Finally, the Court closes with some information about the actions that Petitioner may take if he wishes to challenge the Court's resolution of this case. This order and the judgment to follow are final. A dissatisfied party may appeal this Court's decision to the Court of Appeals for the Seventh Circuit by filing in this Court a notice of appeal within 30 days of the entry of judgment. See Fed. R. App. P. 3, 4. This Court may extend this deadline if a party timely requests an extension and shows good cause or excusable neglect for not being able to meet the 30-day deadline. See Fed. R. App. P. 4(a)(5)(A). Moreover, under certain circumstances, a party may ask this Court to alter or amend its judgment under Federal Rule of Civil Procedure 59(e) or ask for relief from judgment under Federal Rule of Civil Procedure 60(b). Any motion under Federal Rule of Civil Procedure 59(e) must be filed within 28 days of the entry of judgment. The Court cannot extend this deadline. See Fed. R. Civ. P. 6(b)(2). Any motion under Federal Rule of Civil Procedure 60(b) must be filed within a reasonable time, generally no more than one year after the entry of the judgment. The court cannot extend this deadline. See id. A party is expected to closely review all applicable rules and determine what, if any, further action is appropriate in a case.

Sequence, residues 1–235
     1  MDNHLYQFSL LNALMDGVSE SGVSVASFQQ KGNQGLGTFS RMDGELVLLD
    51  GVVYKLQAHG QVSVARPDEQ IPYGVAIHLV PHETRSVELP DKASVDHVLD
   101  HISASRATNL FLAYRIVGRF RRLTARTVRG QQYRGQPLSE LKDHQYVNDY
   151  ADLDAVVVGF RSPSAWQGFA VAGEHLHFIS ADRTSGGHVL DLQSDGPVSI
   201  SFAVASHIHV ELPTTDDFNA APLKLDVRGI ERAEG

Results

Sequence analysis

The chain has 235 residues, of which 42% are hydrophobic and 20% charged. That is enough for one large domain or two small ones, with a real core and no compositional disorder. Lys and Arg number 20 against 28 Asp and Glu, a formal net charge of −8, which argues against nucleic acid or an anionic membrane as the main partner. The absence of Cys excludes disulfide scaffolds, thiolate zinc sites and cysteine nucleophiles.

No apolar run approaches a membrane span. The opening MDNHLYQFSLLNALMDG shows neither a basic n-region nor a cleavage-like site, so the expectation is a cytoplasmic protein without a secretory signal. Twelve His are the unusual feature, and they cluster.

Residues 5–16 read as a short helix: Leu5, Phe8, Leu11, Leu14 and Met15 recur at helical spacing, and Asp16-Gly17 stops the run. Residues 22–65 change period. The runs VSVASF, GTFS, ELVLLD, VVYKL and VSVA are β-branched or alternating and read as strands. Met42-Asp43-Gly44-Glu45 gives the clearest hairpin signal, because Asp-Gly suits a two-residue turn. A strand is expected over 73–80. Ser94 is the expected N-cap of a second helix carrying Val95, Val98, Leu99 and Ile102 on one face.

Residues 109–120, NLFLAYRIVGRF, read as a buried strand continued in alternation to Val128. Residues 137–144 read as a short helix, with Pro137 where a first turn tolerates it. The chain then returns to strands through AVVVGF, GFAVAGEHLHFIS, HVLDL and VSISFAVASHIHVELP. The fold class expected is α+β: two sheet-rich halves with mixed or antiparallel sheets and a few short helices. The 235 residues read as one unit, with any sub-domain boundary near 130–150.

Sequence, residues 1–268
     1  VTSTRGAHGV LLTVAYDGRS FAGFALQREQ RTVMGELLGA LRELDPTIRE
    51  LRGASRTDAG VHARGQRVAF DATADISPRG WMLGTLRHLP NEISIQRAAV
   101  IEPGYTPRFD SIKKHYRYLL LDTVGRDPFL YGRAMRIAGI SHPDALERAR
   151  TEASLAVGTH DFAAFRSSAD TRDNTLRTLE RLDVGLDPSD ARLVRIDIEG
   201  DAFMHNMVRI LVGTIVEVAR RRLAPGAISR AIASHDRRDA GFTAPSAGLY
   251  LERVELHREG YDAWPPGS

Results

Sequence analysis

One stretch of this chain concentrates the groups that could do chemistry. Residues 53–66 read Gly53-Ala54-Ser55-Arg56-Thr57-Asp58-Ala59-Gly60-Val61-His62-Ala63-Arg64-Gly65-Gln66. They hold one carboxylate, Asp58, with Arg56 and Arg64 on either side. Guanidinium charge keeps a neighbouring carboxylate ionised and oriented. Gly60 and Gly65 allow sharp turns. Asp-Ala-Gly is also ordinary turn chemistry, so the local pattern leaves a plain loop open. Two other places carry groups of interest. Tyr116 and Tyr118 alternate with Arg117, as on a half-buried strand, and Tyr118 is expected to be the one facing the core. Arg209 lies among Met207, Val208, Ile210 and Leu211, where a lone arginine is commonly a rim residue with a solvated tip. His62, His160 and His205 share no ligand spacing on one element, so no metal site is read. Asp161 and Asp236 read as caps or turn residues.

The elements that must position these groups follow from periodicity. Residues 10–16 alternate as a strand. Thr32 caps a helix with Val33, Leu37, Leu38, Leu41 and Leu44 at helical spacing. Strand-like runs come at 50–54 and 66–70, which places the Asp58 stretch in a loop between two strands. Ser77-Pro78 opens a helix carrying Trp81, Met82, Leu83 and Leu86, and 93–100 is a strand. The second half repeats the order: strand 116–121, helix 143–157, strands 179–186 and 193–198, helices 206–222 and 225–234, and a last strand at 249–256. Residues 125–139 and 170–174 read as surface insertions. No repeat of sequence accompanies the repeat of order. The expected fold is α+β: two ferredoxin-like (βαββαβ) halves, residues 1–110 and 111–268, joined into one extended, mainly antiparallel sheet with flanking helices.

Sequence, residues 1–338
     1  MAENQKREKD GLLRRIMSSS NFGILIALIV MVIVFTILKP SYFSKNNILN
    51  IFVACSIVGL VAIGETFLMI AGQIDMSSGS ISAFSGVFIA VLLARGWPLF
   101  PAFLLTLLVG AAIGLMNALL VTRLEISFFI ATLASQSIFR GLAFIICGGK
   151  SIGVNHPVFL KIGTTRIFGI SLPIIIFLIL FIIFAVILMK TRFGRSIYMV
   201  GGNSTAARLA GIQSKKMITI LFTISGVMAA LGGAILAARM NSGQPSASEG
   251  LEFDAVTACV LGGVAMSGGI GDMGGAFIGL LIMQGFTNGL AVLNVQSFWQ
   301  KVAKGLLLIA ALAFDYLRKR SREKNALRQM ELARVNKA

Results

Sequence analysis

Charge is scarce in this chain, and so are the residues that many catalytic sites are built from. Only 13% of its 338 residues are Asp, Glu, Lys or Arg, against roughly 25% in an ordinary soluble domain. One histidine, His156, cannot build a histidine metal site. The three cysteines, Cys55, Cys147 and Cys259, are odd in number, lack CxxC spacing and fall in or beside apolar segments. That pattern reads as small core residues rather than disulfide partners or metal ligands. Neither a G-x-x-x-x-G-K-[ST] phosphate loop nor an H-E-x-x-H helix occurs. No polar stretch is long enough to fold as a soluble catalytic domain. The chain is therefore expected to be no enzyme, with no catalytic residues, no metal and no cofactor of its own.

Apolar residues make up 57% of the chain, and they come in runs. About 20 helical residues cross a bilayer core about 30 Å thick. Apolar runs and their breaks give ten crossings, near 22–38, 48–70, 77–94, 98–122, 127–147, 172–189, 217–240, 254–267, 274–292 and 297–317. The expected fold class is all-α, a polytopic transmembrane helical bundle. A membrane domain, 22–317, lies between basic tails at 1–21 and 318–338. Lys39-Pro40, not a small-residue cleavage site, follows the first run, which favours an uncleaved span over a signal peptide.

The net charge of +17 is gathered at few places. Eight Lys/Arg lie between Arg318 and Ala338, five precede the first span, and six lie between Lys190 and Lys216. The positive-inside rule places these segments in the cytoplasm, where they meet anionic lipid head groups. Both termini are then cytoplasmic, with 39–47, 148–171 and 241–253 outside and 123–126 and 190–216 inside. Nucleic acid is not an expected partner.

The Court will also deny Petitioner's motion for leave to proceed in this action in forma pauperis, (Docket #3), as there is no filing fee associated with the filing of a motion to vacate in a federal criminal case.

         Accordingly, IT IS ORDERED that Petitioner's motion for leave to proceed in forma pauperis (Docket #3) be and the same is hereby DENIED;

         IT IS FURTHER ORDERED that Petitioner's motion to vacate, set aside, or correct his sentence pursuant to Section 2255 ...